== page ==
It seems natural that the Tashlich service, where a Jewish person symbolically tosses away his or her sins from the previous year, happens at the water—a soothing place of introspection and contemplation.

While most stand alongside a body of water to perform this High Holiday tradition, members of the Enfield & Winchmore Hill Synagogue in North London will plunge even deeper into the practice. Under the direction of Rabbi Yitzchok Tzvi and Tzipporah Sufrin—Chabad-Lubavitch emissaries at UK Headquarters in London who also lead the synagogue—more than 70 people will be welcomed aboard a “Tashlich Cruise” along the Grand Union Canal in London on Sunday, Sept. 20.

“We have captured the imagination and the excitement of our members by planning a nearly two-hour ride along one of London’s most beautiful inner canals, with scenery and places of interest along the way,” says Rabbi Sufrin. “Everyone will have a guided summary on the outward journey, and on the way back, a speaker will talk about and explain Tashlich.”

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Traditionally, Jews observe Tashlich on the first day of Rosh Hashanah, though the prayer can be said until the last day of Sukkot—the 21st day of the Hebrew month of Tishrei, also known as Hoshanah Rabbah—which this year falls on Sunday, Oct. 4.

The group will recite the appropriate prayers, cast away their sins and give tzedakah (charity)—putting into practice the words of the Rosh Hashanah prayer “Unetaneh Tokef,” which says that “repentance, prayer and charity avert the severity of the decree.”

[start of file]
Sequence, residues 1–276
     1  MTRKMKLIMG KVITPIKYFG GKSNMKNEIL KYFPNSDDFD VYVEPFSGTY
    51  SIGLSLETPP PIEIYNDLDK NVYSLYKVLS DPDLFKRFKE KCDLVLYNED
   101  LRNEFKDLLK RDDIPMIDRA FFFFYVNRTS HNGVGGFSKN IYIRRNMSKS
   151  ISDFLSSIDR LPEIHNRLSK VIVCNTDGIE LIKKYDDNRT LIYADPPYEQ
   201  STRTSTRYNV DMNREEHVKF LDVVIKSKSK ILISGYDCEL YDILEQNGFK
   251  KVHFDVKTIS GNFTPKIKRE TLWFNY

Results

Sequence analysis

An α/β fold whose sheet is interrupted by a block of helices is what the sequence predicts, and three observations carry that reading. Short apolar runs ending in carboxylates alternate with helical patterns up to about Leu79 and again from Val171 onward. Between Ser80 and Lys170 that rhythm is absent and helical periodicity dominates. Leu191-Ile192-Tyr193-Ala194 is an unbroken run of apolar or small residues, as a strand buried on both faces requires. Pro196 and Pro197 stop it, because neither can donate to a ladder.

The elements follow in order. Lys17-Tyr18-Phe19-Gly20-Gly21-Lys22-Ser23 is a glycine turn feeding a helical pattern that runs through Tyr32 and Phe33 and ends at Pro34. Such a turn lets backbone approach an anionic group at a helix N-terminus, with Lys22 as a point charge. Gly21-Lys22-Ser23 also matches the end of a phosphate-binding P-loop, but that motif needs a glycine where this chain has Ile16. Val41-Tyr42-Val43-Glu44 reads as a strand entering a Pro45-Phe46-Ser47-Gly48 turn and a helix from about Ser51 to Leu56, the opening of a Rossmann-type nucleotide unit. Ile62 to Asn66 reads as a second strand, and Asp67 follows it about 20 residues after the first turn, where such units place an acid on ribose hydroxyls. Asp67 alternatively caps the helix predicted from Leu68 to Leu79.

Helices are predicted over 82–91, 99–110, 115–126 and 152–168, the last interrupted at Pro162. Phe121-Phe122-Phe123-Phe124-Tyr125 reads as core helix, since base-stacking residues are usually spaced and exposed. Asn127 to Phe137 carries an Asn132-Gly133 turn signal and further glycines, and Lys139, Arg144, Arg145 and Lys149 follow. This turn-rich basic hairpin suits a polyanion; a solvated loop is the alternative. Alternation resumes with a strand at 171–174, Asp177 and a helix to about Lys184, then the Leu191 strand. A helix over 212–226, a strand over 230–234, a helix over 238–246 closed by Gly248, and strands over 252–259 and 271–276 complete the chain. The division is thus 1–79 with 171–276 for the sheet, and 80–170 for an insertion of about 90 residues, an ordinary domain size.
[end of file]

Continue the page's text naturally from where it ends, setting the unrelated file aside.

The Hakhel Year of Assembly

The idea for the cruise came from Tzipporah Sufrin, who was looking for an activity that would engage members of their shul and educate them about the practice of Tashlich.

Rabbi Yitzchok Tzvi and Tzipporah Sufrin
Rabbi Yitzchok Tzvi and Tzipporah Sufrin

“She’s very creative, imaginative, brainy, enthusiastic,” gushes her husband.

Clearly his wife was onto something, as the cruise is sold out, with a waiting list of those who would like to step on board.

And that’s good news, given that the second goal of the Tashlich cruise is to launch the Hakhel year with a community event. The Hakhel year refers to a biblical mitzvah (commandment) of assembling Jewish men, women and children to hear the reading of the Torah by the king of Israel once every seven years, following the sabbatical year known as Shemittah.

Rosh Hashanah began this year’s Hakhel cycle. And while there is no longer a Temple, the Lubavitcher Rebbe—Rabbi Menachem M. Schneerson, of righteous memory—encouraged all Jews to join together to increase their Torah observance and study, and to follow G‑d’s commandments.

How apt, notes Rabbi Sufrin, that a grand union of Jews take place on the Grand Union Canal.

The canal near Bugbrooke (Photo: Wikimedia Commons)
The canal near Bugbrooke (Photo: Wikimedia Commons)
The canal at the confluence with the River Brent (Photo: Wikimedia Commons)
The canal at the confluence with the River Brent (Photo: Wikimedia Commons)